“To my knowledge, they’re doing well. I’m sure they’re shellshocked right now, trying to understand and adjust to everything.”

I nodded and pursed my trembling lips. I felt like I was going to break down and sob any minute. But I didn’t know exactly why. Greggs must have been able to see my inconsolable inner turmoil because he got to his feet to leave.

“Thank you,” I barely got out.

“He’ll be there on Friday,” Greggs added. “They’ll all be there.”

He gave me a quick nod before he left me, my stomach knotted and my knees shaking


Friday came and I hadn’t slept the night before. I got up and dressed. This time, I was not going to think about John as much. I wore the same professional suit that I wore to my presentation with the council. I wanted to look like a traveler and a historian that had carefully calculated the first-ever time relocation, not like a little girl who fell in love with a rock star and kidnapped him into the future. Which, yeah, I was definitely the latter, but I just didn’t want to look it at least.

The car ride there was horrible and long. My mother was even more quiet and pensive than when she accompanied me to the portal. Que made unhelpful jokes from the back seat. I tried to push John out of my mind, but I had to keep pushing him out of my mind every thirty seconds.

When we arrived at the courthouse, hundreds of curious onlookers and news drones were there to greet us. I put on my best poker face. I didn’t want everyone to see how scared I was. But I also didn’t want to come off as cocky and arrogant. I probably looked dumb instead, but that’s what I was anyway.

Everything was a blur. People shouting questions at me. A few scattered cheers. Laughs too. I walked with Dr. Greggs into the giant court-style room where the questioning and trial were to be held. The entrance to the room was guarded by a security android.

As I took my seat, I saw the peppered grey on the back of Thorne’s head. We made eye contact and I turned away in fury. Weird seeing the man who shot a gun at you several times, sitting calmly and civilly in the same room as you.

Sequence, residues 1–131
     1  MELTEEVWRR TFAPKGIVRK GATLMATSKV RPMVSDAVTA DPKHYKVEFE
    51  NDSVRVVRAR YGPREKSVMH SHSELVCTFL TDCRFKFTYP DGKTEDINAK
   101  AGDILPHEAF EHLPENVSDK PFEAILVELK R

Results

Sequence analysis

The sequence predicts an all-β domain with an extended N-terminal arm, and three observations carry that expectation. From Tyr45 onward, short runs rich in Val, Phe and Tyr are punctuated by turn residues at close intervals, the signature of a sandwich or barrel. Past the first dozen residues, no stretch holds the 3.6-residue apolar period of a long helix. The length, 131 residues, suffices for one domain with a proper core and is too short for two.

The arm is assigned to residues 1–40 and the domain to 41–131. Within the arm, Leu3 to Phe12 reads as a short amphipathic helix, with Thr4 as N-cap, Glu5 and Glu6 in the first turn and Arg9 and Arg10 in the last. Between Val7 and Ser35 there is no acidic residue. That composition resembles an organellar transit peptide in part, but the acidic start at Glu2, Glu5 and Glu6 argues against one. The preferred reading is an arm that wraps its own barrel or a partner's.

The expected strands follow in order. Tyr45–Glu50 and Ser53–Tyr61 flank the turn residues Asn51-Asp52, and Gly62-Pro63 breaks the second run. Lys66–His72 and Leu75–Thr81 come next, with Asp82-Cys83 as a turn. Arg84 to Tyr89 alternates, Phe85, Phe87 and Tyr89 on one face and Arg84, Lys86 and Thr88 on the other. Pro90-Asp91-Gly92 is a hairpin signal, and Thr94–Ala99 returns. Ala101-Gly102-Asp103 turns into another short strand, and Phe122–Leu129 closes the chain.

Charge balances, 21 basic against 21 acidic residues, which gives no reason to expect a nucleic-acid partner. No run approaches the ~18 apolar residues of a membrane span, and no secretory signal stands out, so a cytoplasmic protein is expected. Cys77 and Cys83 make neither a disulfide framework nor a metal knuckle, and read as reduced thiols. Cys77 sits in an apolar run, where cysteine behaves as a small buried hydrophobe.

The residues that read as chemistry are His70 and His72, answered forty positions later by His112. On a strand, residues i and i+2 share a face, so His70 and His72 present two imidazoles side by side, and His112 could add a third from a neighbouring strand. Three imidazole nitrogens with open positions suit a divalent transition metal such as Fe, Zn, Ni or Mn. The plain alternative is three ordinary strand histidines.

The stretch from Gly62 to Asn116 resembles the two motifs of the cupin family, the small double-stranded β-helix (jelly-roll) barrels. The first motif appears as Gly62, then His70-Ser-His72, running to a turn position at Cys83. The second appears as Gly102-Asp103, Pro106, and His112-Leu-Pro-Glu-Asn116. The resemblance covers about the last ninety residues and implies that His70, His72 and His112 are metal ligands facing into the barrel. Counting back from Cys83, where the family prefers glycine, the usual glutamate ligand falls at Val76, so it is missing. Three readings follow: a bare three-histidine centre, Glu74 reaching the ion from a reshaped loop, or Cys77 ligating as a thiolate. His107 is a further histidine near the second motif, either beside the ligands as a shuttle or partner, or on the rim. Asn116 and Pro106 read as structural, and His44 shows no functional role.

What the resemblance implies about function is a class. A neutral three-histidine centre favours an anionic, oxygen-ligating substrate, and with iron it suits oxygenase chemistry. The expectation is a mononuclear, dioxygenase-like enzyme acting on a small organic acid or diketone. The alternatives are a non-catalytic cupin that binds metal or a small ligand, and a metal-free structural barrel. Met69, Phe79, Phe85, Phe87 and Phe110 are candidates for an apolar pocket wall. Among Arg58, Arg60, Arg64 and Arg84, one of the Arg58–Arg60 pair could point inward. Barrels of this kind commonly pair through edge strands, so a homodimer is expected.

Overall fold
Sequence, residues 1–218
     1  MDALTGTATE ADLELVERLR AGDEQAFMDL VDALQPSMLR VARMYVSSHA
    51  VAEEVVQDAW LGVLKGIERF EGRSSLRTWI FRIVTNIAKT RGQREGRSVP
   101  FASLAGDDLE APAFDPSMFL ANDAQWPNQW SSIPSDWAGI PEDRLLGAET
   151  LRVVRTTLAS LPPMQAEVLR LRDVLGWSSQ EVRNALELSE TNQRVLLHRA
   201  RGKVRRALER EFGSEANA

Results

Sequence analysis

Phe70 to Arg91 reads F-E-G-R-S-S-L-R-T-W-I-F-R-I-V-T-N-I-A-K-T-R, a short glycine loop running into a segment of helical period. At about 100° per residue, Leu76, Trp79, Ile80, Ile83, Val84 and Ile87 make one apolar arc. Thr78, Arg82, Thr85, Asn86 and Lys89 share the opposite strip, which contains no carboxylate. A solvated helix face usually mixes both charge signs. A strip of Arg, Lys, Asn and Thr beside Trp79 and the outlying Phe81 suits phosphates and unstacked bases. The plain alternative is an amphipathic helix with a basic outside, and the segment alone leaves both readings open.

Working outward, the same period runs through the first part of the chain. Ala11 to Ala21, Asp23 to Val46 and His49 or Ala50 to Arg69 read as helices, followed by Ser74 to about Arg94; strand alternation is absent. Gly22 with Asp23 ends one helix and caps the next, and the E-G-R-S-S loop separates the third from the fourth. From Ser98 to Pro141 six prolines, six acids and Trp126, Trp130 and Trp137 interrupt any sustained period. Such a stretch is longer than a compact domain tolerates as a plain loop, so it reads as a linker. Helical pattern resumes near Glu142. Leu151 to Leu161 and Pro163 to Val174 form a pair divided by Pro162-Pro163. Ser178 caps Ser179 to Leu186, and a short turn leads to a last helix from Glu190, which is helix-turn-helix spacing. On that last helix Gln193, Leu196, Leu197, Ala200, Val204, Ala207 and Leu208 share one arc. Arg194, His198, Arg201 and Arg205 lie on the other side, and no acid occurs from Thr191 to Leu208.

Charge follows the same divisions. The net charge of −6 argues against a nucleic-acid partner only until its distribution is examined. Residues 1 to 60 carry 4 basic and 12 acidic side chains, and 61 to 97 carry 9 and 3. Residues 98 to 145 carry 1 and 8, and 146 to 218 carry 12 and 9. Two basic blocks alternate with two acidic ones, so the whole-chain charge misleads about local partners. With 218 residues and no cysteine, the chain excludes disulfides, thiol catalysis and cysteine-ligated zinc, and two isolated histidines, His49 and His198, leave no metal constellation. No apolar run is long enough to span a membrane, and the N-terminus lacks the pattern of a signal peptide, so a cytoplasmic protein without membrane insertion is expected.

Mom gave me a squeeze on the shoulder and sat behind me with Que. A decent size audience of reporters and time travelers had assembled.

Judge McCoy took her seat. Her dark skin stretched tight with anti-aging mods. She didn’t look at me. Or anyone. All business, staring at the screen on her desk.

I kept wringing my hands in my lap. What had I been thinking? Sure, maybe I had saved John, Paul, George, and Ringo. But going rogue like that? I sure didn’t give alternate missions a good name.

“Be seated,” Judge McCoy commanded from her high desk.

I flashed an uneasy frown at Greggs who patted my knee under the table, his hands were clammy with stress sweat though, I could tell.

“This is a complicated case with a lot to go over, so I’ll make this easy on everyone,” Judge McCoy said, tenting her fingers. “I am looking for the answer to one question only… Was Emmeline Mor’s mission a success or not?”

Oh, Galactica. I buried my face in my fingers. Across the way, Dr. Thompson exchanged smirks with his snooty-tooty lawyer.

“The council claims that eliminations are necessary as they are the most effective form of time alteration,” Judge McCoy said. “But if Mor’s mission was successful, that would invalidate that claim and thereby become a violation of the Comprehensive Human Rights Act.”

The prosecutor next to Thompson stood from his seat.

“I couldn’t agree with you more, Judge McCoy,” he said in a smarmy voice. “Emmeline Mor’s mission was indeed a disaster. A timeline that a quick elimination could have easily altered without the thousands of consequences inflicted by this farce. And to accurately demonstrate these consequences, I would like to present a timelines expert, Mr. Forlin. Mr. Forlin has reviewed the footage and the damages done by Ms. Mor and compiled a list for this inquisition.”

Mr. Forlin, a man with a face too small for his head, sauntered to the stand. Everyone sat at attention as he activated his IND and began to read his prepared statement.

“Damage to the Brighton fair, closed the grounds for the rest of the week,” Forlin read. “Minor repairs to the Queensway Tunnel, caused hundreds of people to be late to work.”

I sank into my seat. 

Forlin went on. “One disappearance of a meat truck, caused the driver to quit his job and pursue his dream as a florist.”

Greggs gave me his typical top of the eye stare.

“The police officer that witnessed the disappearance of the truck, quit his job and became…” Forlin swiped his screen. “A delivery driver for the aforementioned meat company.”

Que raised a brow at me from behind.

 “After Lennon made a phone call to the school regarding an internship, Professor Barrell was dismissed due to sexual misconduct on campus. He was not supposed to be caught.”

I tugged anxiously at the ends of my hair.

“Ms. Mor left a plate of cheese behind a potted plant, which caused Mimi Smith to hire a cleaner,” Forlin said. “This cleaner was supposed to hit a stray cat on the other side of town and the cat lived.”